Semantic opaqueness can focus attention on the sensory qualities of the voice itself, qualities that can have iconic importance (resembling bird song, spirit talk, charismatic inspiration, etc.) (Briggs 1994; Irvine 1982; Samarin 1972; Wirtz 2005). These iconic values may in turn entail the very presence of some ritual participants (e.g. invisible spirits) and the authority of others (e.g. ritual specialists). The semantic opaqueness of certain speech elements during a ritual can also direct participant attention toward other co-occurring expressive modalities, such as gesture or music, as several of these articles illustrate. Even semantically “empty” forms such as vocables, which seem to hover between speech and song, are not merely stylistic features or genre markers, but can convey much richer social meanings, as Jacobs explores in her article on vocables and ululation used in celebrations in the Levantine Middle East. Jacobs attends to how the form of unintelligible vocalizations gives salience and entextualizability to the utterances they frame. In performances, vocables index a host of rich associations and emotions: joy, sociability, social affinity, and tradition, and yet, despite their acoustic salience in performance, they are generally left out of written texts and so rendered invisible. She argues that vocables have often been overlooked by scholars precisely because of a dominant referentialist language ideology that writes off vocables as meaningless noise (see also Samuels 2004). At the same time, she traces how the genre of m-ha-ha, marked by these distinctive vocables, has entered into increasing global circuits in which its valences of tradition are reinterpreted as Middle Eastern feminine exoticism.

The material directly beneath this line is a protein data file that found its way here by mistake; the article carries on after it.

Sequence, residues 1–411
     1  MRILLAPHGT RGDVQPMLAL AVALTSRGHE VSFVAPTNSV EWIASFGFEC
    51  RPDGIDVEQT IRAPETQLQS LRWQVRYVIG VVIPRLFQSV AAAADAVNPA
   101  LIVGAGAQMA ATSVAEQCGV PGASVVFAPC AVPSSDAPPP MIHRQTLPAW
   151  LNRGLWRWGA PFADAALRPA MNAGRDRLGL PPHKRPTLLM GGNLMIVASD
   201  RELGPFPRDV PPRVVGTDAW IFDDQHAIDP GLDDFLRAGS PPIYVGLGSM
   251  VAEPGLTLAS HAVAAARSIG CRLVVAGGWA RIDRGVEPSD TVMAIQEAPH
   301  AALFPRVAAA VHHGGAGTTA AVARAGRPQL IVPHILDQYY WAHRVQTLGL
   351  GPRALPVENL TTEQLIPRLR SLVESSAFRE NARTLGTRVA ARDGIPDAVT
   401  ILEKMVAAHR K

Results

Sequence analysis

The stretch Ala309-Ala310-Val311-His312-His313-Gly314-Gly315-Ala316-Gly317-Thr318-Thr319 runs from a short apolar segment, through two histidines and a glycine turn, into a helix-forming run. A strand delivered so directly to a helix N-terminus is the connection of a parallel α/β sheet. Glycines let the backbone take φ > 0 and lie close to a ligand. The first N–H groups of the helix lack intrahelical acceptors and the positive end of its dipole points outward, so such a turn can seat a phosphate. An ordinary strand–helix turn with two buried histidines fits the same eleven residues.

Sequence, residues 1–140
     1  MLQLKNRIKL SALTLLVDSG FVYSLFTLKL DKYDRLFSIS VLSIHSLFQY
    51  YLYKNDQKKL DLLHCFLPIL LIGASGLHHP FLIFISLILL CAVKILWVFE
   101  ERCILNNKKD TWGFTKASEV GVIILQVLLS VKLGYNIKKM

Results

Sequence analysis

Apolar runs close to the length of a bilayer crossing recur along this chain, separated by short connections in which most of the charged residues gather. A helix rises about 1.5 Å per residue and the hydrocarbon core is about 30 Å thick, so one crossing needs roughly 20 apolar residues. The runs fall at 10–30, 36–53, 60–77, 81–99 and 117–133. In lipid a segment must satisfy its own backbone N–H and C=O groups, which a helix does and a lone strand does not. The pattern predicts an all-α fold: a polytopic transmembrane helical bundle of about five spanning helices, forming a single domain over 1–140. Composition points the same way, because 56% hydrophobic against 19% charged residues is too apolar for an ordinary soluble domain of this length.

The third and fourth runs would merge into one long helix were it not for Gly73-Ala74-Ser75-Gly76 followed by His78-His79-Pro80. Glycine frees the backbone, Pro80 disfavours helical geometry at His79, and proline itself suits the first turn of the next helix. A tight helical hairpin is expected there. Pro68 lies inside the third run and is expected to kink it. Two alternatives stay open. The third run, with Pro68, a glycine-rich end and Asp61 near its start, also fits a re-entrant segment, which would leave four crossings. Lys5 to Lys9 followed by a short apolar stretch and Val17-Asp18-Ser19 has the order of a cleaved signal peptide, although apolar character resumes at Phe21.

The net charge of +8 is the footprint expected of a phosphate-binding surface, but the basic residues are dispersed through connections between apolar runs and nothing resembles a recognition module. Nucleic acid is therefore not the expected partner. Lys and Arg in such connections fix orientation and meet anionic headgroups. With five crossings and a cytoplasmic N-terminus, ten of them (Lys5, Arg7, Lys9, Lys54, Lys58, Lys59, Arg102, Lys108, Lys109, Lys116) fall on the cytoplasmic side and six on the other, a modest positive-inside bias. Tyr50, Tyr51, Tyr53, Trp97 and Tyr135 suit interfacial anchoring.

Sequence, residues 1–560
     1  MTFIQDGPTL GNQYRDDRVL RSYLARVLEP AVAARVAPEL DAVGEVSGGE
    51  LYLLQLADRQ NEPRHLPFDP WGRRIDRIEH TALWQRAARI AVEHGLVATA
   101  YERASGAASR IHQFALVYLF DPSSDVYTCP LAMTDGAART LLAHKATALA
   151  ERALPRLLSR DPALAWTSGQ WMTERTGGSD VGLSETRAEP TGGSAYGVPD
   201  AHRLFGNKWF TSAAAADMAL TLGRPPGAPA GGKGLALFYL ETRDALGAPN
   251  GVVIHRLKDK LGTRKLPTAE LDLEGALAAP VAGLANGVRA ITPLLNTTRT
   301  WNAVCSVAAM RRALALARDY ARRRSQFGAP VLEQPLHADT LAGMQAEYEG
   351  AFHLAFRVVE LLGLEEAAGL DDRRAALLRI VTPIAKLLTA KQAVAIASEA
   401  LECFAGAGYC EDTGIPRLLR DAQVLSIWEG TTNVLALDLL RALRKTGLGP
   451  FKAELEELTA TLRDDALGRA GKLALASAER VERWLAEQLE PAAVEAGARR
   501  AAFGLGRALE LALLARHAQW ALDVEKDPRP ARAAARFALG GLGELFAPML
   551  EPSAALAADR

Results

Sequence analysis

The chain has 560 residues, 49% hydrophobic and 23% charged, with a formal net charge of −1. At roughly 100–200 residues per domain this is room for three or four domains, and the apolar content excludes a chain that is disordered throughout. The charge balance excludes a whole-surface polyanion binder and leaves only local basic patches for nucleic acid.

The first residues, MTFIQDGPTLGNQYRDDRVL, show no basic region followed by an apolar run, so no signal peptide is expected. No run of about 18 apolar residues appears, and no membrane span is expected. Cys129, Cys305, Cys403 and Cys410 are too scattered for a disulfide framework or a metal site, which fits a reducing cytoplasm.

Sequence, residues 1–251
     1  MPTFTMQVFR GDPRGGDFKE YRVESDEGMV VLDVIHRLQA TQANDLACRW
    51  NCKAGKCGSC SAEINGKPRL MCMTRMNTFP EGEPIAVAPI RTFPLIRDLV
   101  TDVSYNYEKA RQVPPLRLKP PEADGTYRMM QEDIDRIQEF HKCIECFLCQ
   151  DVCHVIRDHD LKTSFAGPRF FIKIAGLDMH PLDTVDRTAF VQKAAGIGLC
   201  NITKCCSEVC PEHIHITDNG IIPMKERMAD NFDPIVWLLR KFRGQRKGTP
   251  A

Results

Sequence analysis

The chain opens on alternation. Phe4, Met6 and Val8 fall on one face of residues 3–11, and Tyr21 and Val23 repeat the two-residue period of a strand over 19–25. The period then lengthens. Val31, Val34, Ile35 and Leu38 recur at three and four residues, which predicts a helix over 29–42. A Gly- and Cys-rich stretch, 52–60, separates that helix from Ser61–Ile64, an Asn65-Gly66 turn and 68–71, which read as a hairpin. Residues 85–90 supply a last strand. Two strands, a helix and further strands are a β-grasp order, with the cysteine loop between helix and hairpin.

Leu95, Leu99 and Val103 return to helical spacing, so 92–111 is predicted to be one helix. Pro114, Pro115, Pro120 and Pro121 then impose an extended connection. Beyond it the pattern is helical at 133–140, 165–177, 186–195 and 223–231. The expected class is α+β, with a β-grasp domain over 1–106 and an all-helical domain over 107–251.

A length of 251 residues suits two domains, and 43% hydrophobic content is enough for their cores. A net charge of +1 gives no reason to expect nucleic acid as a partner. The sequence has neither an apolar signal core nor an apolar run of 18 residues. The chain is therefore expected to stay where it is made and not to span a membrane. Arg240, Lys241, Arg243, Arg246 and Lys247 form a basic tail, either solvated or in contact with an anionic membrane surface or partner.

These essays make clear that it would be a mistake to discuss unintellibility in isolation from the conditions that produce it—indeed, Perrino suggests that we miss the point if we see unintellibility simply as a characteristic of certain registers, instead of attending to its context of production. Ritual unintelligibility presents a problematic with repercussions beyond the ritual domain itself. An important additional focus of this collection of papers is to ask how the very notion of (un)intelligibility interacts with principles of intentionality, responsibility, and transparency that underlie Western language ideologies, as recent work has examined (Du Bois 1986, 1992; Hill and Irvine 1993; Kroskrity 2000; Verschueren 1995). Following this vein of research, the contributors to this special issue ask what can be learned by examining contrasting language ideologies. Donzelli, Jacobs, and Michael Lempert are particularly interested in how local theories of meaning both shape what is (un)intelligible and charge such utterances and the linguistic registers they represent with (variously positive or negative) social value, especially within modernist ideologies of language that privilege efficiency and clarity in communication. Lempert, for example, problematizes the “modernist” coupling of denotational transparency, sincerity, and civility that plays out in debates over semantic opaqueness in disciplinary rituals at Tibetan Buddhist monasteries. Lempert shows that judgments about the unintelligibility of Tibetan Buddhist disciplinary “exhortations” arise out of an emerging, self-consciously modernist Buddhist perspective, in which the Displinarian’s indirection, dissimulation, and brusqueness index outdated, anti-modern, and therefore incomprehensible speech.